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Leafminer espionage digs the Middle East. — Research Saturday

Researchers at Symantec recently published their findings on an active attack group named Leafminer that's targeting government organizations and businesses in the Middle East region. 

Vikram Thakur is a technical director at Symantec, and he joins us to share what they've found.

The research can be found here:

Transcript

Dave Bittner: [00:00:03] Hello everyone, and welcome to the CyberWire's Research Saturday, presented by the Hewlett Foundation's Cyber Initiative. I'm Dave Bittner, and this is our weekly conversation with researchers and analysts tracking down threats and vulnerabilities, and solving some of the hard problems of protecting ourselves in a rapidly evolving cyberspace. Thanks for joining us.

Dave Bittner: [00:00:26] And now, a moment to tell you about our sponsor, the Hewlett Foundation's Cyber Initiative. While government and industry focus on the latest cyber threats, we still need more institutions and individuals who take a longer view. They're the people who are helping to create the norms and policies that will keep us all safe in cyberspace. The Cyber Initiative supports a cyber policy field that offers thoughtful solutions to complex challenges, for the benefit of societies around the world. Learn more at hewlett.org/cyber.

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Vikram Thakur: [00:01:42] So, the team that conducts a lot of research at Symantec was looking at some malware.

Dave Bittner: [00:01:47] That's Vikram Thakur. He's a Technical Director at Symantec. The research we're discussing today is titled "Leafminer: New Espionage Campaigns Targeting Middle Eastern Regions."

Vikram Thakur: [00:01:59] And we sorted the malware, we found the distribution site, and we started just following the rabbit trail, which led us to the group of the attackers targeting a finite number of organizations in the Middle East. And when we started working with some of those organizations, the discovery just kept growing and we eventually landed up in a position where we could understand the mandate of the group. We could understand where they were most probably located, and then we just decided to put out a blog after we had already shared some of this information with some of the targeted organizations.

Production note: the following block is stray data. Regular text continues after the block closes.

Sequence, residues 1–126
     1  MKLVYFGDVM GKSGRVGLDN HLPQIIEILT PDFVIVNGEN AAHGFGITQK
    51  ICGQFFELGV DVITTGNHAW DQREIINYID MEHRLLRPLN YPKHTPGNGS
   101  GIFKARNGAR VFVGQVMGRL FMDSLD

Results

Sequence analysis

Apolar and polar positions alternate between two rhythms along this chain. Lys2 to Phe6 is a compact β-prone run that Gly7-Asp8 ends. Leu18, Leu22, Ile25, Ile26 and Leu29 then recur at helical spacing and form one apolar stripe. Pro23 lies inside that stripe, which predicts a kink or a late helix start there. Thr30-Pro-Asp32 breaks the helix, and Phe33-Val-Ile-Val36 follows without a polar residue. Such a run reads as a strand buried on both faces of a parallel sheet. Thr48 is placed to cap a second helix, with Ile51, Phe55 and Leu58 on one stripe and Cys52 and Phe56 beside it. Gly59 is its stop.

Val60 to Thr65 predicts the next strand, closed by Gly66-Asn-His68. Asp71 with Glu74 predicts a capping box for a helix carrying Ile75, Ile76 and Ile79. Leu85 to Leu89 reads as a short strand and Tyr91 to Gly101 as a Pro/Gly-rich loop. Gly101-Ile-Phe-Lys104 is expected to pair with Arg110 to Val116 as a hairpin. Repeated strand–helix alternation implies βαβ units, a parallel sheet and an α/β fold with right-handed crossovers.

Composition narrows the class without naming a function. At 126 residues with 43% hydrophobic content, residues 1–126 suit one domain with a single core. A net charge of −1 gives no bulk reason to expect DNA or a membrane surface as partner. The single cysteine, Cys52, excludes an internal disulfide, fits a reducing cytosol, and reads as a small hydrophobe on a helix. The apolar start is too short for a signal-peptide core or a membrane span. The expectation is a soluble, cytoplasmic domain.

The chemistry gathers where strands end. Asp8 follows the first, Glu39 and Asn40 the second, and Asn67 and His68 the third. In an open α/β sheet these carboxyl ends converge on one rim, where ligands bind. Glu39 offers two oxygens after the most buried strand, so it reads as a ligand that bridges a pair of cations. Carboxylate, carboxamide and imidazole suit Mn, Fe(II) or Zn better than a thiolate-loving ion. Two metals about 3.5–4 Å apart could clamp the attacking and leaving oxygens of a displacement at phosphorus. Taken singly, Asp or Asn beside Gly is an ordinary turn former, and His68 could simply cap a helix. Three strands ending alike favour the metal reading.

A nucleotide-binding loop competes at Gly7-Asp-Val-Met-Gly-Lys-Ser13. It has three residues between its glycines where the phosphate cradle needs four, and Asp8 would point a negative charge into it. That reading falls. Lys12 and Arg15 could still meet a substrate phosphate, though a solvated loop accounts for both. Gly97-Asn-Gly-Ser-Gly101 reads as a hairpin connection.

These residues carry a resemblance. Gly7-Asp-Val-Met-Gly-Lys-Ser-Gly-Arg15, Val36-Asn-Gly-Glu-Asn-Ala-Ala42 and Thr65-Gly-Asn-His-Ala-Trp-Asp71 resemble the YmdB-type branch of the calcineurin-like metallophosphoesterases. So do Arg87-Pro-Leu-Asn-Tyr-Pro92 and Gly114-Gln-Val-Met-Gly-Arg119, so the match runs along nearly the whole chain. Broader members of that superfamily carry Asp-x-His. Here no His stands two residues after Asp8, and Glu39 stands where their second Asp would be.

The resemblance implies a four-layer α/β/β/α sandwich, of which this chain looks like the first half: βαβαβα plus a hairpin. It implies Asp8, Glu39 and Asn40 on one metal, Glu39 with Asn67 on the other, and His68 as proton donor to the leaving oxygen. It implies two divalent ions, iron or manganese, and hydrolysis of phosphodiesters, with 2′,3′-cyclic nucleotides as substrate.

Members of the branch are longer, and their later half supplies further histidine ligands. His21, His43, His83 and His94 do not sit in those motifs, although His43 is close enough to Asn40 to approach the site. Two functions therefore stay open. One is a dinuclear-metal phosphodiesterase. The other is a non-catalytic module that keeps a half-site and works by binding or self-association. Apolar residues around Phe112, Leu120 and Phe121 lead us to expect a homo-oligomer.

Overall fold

Dave Bittner: [00:02:36] Yeah, it's quite a story here. So, let's walk through it together. Why don't you take us through step by step. What was the first thing that caught your eye?

Vikram Thakur: [00:02:44] So, there was a piece of malware, or a file which was not doing things that it actually claimed that it was, that was found on a Middle Eastern organization's network. So, when we looked at the file and we deemed it malicious, we wanted to follow up and see whether we could find the origination of the file itself. So, when we did that, we stumbled across a website which had housed the file at some point, and our crawlers had sort of picked it up. So, we had the web location of where that file was hosted at one point in time.

Vikram Thakur: [00:03:24] When we went over there, we could find a whole bunch of other malicious files which were all housed or they were all sitting on this web server. And the server itself actually belonged to the president of Azerbaijan. At least that's the organization that it represented. So we, at that point, determined that somebody somewhere had hacked into the server and decided to use it as a little staging server to place all their tools, and which when they required, or the attackers required, they would just take the tool and then go and start targeting other entities.

Vikram Thakur: [00:04:00] So, that's sort of how it started. So, we had a good understanding of the tools that were being used by the group that we now call Leafminer. And when we used those tools and searched for those tools on different organizational networks, we started getting a bigger picture of who the targets were and how Leafminer was going about targeting these organizations.

Vikram Thakur: [00:04:25] Till date, we don't know what exactly their success rate may have been or what they were truly after. From a technical standpoint, we know that their tools were primarily geared towards stealing email copies. So, think about a situation where the attacker gets onto an organizational network, and then he tries to dump a particular user's complete mailbox or inbox into a file, and then take that file away and go through the contents of that email inbox at their own leisure. So, we see a lot of their tools were focused on doing that. We do not know what it is that they were searching for within those emails themselves.

Dave Bittner: [00:05:13] Take us through, who were they specifically targeting?

Vikram Thakur: [00:05:16] As part of the research, we stumbled across a file which was written in Farsi, and the file itself included a list of organizations that were being targeted. The list was approximately 700 organizations long, spread across multiple countries in the Middle East. And the targets were in aerospace, public sector, manufacturing, finance. Pretty much every single organization that you can think of in any geography.